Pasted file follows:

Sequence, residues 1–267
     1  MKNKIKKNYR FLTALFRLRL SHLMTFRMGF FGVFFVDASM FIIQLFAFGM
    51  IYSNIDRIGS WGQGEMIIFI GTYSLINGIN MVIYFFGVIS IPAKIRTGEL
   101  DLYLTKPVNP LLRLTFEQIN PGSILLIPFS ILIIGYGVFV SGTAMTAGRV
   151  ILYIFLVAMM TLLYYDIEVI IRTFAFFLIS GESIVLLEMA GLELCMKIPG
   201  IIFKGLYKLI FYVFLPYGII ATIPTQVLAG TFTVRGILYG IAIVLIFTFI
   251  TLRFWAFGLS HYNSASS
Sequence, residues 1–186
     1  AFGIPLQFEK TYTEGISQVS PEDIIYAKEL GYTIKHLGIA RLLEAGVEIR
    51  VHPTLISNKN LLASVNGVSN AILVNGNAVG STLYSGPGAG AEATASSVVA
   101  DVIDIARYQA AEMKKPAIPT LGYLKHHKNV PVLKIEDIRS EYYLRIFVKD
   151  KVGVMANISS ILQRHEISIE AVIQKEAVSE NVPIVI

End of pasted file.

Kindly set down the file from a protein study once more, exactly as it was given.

Sequence, residues 1–267
     1  MKNKIKKNYR FLTALFRLRL SHLMTFRMGF FGVFFVDASM FIIQLFAFGM
    51  IYSNIDRIGS WGQGEMIIFI GTYSLINGIN MVIYFFGVIS IPAKIRTGEL
   101  DLYLTKPVNP LLRLTFEQIN PGSILLIPFS ILIIGYGVFV SGTAMTAGRV
   151  ILYIFLVAMM TLLYYDIEVI IRTFAFFLIS GESIVLLEMA GLELCMKIPG
   201  IIFKGLYKLI FYVFLPYGII ATIPTQVLAG TFTVRGILYG IAIVLIFTFI
   251  TLRFWAFGLS HYNSASS
Sequence, residues 1–186
     1  AFGIPLQFEK TYTEGISQVS PEDIIYAKEL GYTIKHLGIA RLLEAGVEIR
    51  VHPTLISNKN LLASVNGVSN AILVNGNAVG STLYSGPGAG AEATASSVVA
   101  DVIDIARYQA AEMKKPAIPT LGYLKHHKNV PVLKIEDIRS EYYLRIFVKD
   151  KVGVMANISS ILQRHEISIE AVIQKEAVSE NVPIVI